A colleague was recently dealing with image data which was recieved from a socket as a stream of bytes - one per pixel. These needed to be treated as unsigned and so were converted into shorts. The problem was this: the code that later scanned the images required int data. We had two choices, either hold the data a shorts and convert it to ints when needed or hold it as ints right from word go. I believed that we should hold it as ints from word go as it saved a cast later I also, wrongly I now realize, thought that and int array wouldn't take up any more space than a short array. Now I realize that a short (16 bytes) is half the size of an int (32 bytes) but I was under the impression that the VM used a whole word to store any primative type of int or smaller. Perhaps that used to be the case but it's not any more.

Any way, I banged out a bit of code to test this problem which is shown below. Note that the int array uses exactly twice the memory of the short array but allocation and population times are essentially the same.

package example;

public class MemorySize {

   
public MemorySize() {
       
for (int i = 0, n = 10; i < n; i++) {
           
System.out.println("-----------------------");
            System.out.println
("Test Number " + i);
            System.out.println
("-----------------------");
            shortTest
();
            intTest
();
            Runtime runtime = Runtime.getRuntime
();
            System.out.println
("Final Memory Usage: "
                   
+ (runtime.totalMemory() - runtime.freeMemory()));
       
}
    }

   
private void shortTest() {
       
Runtime runtime = Runtime.getRuntime();
        System.gc
();
        System.gc
();
        System.gc
();
        System.gc
();

       
// shorts
       
long start = System.currentTimeMillis();
        System.out.println
("Short Starting Memory Usage: "
               
+ (runtime.totalMemory() - runtime.freeMemory()));
       
short[] shortArray = new short[1024 * 1024 * 2];
        System.out.println
("Short Array Declared Memory Usage: "
               
+ (runtime.totalMemory() - runtime.freeMemory()));
       
for (int i = 0, n = shortArray.length; i < n; i++) {
           
shortArray[i] = 19;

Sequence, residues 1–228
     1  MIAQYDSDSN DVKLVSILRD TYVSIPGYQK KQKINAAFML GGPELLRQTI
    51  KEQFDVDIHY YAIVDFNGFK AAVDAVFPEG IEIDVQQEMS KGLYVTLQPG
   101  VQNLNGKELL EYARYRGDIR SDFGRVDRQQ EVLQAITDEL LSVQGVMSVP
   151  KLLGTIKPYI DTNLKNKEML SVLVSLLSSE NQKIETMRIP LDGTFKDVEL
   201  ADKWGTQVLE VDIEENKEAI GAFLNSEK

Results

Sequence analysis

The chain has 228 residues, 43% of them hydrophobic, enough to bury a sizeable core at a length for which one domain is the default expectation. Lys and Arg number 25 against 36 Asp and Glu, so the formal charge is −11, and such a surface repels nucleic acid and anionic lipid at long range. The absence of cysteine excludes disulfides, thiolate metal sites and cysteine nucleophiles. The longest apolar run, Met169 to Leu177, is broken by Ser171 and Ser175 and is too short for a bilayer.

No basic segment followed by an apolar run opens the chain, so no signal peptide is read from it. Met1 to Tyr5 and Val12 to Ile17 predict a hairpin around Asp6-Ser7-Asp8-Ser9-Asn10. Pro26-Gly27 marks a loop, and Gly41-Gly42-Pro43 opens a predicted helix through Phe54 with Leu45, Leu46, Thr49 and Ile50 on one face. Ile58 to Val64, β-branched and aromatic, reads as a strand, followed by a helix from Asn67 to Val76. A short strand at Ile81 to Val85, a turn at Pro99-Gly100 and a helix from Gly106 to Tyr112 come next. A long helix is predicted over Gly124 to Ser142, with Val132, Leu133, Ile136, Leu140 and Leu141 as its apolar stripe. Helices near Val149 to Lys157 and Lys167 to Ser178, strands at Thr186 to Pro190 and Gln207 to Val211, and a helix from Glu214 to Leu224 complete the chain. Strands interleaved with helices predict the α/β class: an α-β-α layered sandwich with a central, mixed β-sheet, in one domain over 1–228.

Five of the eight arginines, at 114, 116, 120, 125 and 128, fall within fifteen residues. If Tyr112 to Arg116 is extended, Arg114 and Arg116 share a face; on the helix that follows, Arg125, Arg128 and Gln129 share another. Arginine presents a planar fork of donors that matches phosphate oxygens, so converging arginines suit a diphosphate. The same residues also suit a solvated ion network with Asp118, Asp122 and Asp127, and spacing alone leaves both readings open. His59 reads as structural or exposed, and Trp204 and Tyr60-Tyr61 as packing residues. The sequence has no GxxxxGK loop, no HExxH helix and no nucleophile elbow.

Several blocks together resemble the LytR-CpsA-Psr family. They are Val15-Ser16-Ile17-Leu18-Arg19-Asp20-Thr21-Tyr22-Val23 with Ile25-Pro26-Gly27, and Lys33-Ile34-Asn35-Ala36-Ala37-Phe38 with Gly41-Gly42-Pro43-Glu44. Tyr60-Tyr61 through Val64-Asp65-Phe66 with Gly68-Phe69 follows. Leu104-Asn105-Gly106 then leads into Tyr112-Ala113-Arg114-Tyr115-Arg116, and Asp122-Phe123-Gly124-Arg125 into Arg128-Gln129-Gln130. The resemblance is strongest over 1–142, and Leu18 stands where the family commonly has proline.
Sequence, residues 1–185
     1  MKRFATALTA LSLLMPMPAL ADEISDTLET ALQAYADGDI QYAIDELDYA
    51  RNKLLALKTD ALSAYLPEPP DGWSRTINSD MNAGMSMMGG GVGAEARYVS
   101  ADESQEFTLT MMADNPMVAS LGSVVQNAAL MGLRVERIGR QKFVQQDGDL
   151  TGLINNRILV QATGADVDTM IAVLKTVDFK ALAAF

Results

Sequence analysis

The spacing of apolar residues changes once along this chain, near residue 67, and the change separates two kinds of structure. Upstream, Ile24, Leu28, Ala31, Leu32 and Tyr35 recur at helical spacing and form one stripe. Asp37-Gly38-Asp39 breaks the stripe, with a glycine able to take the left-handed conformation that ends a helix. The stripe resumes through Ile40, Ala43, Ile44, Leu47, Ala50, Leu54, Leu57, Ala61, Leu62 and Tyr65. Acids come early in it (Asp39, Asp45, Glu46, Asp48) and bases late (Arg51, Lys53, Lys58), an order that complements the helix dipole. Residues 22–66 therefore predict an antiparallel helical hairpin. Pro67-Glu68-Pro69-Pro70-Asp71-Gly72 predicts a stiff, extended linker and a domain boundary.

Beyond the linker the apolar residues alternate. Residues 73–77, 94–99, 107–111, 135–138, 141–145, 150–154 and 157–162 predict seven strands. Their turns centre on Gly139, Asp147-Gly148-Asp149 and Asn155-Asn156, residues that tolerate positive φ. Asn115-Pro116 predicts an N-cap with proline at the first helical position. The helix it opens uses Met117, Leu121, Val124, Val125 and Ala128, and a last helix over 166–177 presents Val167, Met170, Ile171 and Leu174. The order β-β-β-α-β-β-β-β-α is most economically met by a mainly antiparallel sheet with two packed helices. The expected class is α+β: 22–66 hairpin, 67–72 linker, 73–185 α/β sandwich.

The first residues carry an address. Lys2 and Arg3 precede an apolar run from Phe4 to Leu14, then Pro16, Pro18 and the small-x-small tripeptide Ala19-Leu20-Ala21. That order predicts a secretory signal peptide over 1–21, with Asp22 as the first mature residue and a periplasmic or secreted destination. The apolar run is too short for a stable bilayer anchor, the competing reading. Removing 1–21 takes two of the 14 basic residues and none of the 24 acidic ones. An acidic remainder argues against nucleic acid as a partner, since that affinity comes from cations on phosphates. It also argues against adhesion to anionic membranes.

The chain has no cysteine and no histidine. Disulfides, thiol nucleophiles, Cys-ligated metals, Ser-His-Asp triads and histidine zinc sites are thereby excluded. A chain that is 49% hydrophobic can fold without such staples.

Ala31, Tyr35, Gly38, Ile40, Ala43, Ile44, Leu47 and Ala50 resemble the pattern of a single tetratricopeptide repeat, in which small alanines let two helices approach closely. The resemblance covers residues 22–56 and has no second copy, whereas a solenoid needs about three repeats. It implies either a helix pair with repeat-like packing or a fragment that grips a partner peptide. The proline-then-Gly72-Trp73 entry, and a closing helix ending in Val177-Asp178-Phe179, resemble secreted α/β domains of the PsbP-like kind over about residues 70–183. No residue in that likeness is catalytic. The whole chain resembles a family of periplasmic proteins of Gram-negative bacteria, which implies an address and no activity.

}
       
System.out.println("Short Array Full Memory Usage: "
               
+ (runtime.totalMemory() - runtime.freeMemory()));
       
long end = System.currentTimeMillis();
        System.out.println
("Runtime for shorts: " + (end - start));

        shortArray =
null;
        System.gc
();
        System.gc
();
        System.gc
();
        System.gc
();
   
}

   
private void intTest() {
       
Runtime runtime = Runtime.getRuntime();
        System.gc
();
        System.gc
();
        System.gc
();
        System.gc
();

       
// ints
       
long start = System.currentTimeMillis();
        System.out.println
("Int Starting Memory Usage: "
               
+ (runtime.totalMemory() - runtime.freeMemory()));
       
int[] intArray = new int[1024 * 1024 * 2];
        System.out.println
("Int Array Declared Memory Usage: "
               
+ (runtime.totalMemory() - runtime.freeMemory()));
       
for (int i = 0, n = intArray.length; i < n; i++) {
           
intArray[i] = 19;
       
}
       
System.out.println("Int Array Filled Memory Usage: "
               
+ (runtime.totalMemory() - runtime.freeMemory()));
       
long end = System.currentTimeMillis();
        System.out.println
("Runtime for ints: " + (end - start));

        intArray =
null;
        System.gc
();
        System.gc
();
        System.gc
();
        System.gc
();
   
}

   
public static void main(String[] args) {
       
new MemorySize();
   
}

}